The blog of a Western fan, for other Western fans

Robert Vaughn, Pernell Roberts and Gladys Knight?

Eagles song Desperado first appeared
on the album of the same name in 1973 and became a standard rock take on the
West. In 1987 it seemed to inspire a TV movie. At any rate the song opened and
closed the film, over the titles. It isn’t quite clear from the lyrics what it
has to do with the story of the film but the movie’s about a desperado anyway
so that’s probably enough.
movie Desperado is, frankly, a fairly
standard, not to say pedestrian TV Western and it was in little danger of
becoming a classic. Alex McArthur plays Duell McCall, a drifter who falls for
Nora (Lise Cutter), daughter of a ranch owner (Donald Moffat) who is being
harassed by hands of ‘The Company’ who want his land. Duell joins father and
daughter in their fight for right. Both protagonists are rather 80s-looking in
their hair styles and so on but there we go. They’re alright, I guess.
Alex McArthur as Duell McCall
are often evil Eastern corporate interests behind any skullduggery in a
Western, usually an unscrupulous railroad company. This one might be a
railroad, it isn’t spelled out, but they certainly do the unscrupulous part.

Company’s ‘police chief’ is played by David Warner. Warner was so-so as the
half-crazed ‘preacher’ in The Ballad of Cable Hogue but is better advised here by playing it as a straight tea-drinking
Englishman (pining for Curzon Street) and not attempting an American accent. He
is nasty and heinous enough so that we give half a cheer when he finally gets
his just desserts (no spoiler there, I think).

His sadistic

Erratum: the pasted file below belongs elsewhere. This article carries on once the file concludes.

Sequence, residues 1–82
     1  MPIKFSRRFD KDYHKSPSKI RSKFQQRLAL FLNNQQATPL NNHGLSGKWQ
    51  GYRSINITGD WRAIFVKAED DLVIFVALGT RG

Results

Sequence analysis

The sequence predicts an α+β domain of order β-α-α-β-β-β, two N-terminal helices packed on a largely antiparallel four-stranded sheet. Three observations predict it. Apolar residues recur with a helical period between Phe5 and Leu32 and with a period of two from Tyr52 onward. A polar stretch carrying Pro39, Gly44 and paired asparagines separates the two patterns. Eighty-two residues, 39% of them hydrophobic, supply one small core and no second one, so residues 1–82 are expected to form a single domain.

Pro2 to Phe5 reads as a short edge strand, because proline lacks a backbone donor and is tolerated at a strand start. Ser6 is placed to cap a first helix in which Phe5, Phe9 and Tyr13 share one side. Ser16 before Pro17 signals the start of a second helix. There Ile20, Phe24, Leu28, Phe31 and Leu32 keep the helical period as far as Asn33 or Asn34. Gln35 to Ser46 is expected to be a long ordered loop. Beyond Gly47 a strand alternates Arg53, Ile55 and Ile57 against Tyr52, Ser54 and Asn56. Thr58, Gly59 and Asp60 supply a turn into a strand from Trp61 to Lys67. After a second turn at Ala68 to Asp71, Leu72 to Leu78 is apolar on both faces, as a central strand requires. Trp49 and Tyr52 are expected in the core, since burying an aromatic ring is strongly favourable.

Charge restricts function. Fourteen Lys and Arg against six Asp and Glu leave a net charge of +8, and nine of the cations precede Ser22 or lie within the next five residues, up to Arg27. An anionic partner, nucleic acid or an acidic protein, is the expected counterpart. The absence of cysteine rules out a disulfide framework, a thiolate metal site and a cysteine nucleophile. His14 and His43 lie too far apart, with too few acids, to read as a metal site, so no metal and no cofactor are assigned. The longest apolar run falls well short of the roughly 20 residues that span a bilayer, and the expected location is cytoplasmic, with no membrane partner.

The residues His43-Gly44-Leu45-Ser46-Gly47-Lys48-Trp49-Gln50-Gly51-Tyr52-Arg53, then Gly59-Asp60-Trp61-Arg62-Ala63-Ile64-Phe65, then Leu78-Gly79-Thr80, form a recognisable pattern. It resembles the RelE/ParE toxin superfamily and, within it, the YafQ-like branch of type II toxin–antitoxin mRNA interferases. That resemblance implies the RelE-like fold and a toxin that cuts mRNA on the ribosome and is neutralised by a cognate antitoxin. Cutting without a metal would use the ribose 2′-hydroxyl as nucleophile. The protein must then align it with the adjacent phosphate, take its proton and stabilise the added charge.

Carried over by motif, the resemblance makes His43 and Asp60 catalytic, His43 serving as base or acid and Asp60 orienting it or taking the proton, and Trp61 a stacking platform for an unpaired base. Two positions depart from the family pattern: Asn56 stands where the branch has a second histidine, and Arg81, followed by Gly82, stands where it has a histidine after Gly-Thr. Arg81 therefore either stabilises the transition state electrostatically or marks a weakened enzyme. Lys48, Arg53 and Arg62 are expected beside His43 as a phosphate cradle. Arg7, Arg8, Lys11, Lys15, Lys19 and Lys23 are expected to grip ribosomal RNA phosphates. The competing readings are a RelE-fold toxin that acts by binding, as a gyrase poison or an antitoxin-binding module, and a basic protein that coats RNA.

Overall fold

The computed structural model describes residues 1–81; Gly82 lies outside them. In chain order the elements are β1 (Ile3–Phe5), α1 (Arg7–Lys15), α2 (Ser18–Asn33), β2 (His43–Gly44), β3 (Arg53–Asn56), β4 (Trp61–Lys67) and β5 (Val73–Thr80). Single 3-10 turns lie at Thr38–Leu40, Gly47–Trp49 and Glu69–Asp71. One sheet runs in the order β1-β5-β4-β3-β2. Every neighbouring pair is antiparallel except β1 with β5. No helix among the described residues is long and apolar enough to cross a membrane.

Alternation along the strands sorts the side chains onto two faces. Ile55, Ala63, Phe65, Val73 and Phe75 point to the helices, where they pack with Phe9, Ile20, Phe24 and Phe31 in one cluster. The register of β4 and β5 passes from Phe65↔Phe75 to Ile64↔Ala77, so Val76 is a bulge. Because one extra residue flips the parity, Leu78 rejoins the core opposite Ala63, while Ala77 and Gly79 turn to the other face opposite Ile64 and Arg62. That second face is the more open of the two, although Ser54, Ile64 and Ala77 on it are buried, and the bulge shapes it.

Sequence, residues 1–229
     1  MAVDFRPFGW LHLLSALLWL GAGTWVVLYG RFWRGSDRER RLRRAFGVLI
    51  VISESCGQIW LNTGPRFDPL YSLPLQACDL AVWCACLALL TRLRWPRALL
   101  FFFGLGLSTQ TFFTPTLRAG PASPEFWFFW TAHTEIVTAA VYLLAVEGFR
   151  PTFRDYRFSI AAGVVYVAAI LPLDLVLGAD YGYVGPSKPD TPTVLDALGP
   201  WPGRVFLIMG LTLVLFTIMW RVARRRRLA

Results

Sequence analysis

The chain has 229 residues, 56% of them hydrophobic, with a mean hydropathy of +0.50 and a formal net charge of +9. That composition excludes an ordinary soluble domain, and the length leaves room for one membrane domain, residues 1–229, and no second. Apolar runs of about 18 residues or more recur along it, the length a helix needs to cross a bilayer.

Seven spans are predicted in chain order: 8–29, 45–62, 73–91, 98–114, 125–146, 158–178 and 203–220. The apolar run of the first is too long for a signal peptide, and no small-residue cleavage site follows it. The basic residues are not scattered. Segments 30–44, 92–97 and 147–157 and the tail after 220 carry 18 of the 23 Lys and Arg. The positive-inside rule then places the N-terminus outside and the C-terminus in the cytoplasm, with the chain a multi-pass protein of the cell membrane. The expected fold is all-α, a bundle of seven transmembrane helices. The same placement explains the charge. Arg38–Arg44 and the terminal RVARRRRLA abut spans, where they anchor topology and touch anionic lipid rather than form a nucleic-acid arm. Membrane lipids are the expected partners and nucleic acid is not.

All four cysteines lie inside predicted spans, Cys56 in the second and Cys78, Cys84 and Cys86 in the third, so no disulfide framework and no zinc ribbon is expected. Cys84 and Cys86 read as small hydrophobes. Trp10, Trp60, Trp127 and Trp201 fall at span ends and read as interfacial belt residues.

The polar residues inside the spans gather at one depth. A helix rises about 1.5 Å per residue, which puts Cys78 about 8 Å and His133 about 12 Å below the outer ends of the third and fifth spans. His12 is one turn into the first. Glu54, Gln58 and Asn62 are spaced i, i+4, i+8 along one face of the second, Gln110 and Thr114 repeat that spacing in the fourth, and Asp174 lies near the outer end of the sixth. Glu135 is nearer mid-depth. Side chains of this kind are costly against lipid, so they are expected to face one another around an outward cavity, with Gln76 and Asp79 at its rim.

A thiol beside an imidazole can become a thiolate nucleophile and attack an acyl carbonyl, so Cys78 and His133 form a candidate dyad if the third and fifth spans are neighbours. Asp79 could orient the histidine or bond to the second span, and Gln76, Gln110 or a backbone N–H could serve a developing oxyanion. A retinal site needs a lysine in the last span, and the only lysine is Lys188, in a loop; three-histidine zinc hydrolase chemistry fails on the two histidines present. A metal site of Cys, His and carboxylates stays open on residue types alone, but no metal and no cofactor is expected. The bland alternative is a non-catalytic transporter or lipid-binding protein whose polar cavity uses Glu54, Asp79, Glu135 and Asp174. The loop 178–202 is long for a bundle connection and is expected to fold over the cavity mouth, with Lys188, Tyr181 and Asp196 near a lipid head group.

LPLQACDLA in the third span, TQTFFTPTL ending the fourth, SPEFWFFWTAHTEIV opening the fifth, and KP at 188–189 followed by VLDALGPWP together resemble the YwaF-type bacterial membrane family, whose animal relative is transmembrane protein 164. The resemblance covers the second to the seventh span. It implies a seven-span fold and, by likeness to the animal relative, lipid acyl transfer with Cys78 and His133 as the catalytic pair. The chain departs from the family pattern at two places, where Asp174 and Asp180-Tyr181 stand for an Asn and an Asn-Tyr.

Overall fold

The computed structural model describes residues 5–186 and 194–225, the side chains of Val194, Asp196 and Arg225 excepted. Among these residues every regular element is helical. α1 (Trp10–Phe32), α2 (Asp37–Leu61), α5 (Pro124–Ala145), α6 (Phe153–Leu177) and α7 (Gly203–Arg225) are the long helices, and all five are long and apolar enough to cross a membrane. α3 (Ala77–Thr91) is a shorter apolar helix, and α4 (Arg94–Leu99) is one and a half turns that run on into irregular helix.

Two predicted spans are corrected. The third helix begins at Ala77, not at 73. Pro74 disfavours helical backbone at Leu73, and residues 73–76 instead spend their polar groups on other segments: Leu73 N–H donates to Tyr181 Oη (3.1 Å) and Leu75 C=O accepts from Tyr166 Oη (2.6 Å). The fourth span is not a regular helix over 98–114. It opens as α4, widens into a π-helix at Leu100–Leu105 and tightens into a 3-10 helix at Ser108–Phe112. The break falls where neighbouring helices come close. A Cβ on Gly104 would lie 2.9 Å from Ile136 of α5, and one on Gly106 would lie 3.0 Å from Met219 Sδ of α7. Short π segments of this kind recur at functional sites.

lieutenant is Mr. Bede, played by Yaphet Kotto, who looks odd in a Western: he
seemed more at home as a tough cop.

well-known stars make an appearance, Gladys Knight (sans Pips) as a cello-playing brothel madam, Robert Vaughn (looking
sadly overweight and tired) as a bought-and-paid-for sheriff and a white-bearded
Pernell Roberts, very good as always, as the US marshal with a shotgun.
US Marshal Pernell Roberts
The opening
shots are of the Mittens in Monument Valley. At one point the heroine gives the
hero, who doesn’t read much, a volume of poetry, saying that “poets don’t use
many words.” Unfortunately, she has chosen a volume of Tennyson, that most
prolix of poets. What the hero made of it, heaven knows. Anyway, it finishes in the

a sub-Thomas Crown Affair and rather
unerotic game of chess and when the lovers hit the hay (or it might be straw)
in front of a small campfire, the flames of passion duly rise, as per the
oldest of clichés.

To be
fair, while most of the movie is unoriginal and predictable, it does accelerate
in pace towards the end, enough to make you put off making that cup of tea.

The only
really surprising thing is to learn that the great Elmore Leonard wrote it. If
I hadn’t read that, I certainly would not have guessed. There is some
anachronistic or odd wording. The whites call the black Bede sir, there is mention of unions and
suffragettes. And, as I say, it’s all pretty hackneyed and standard stuff. Not
Elmore at all. Maybe they monkeyed around with his script. They must have done.

movie spawned four sequels, the first of which was fairly routinely entitled The Return of Desperado. None of them starred Antonio Banderas, however, in
the unlikely event that you are wondering.
Don’t you draw the queen of diamonds, boy
She’ll beat you if she’s able
You know the queen of hearts is always your best bet
Don’t say you haven’t been told.

2 Responses

  1. been looking for this film for years on and off. Have never been able to find it. How can i legally obtain the series?

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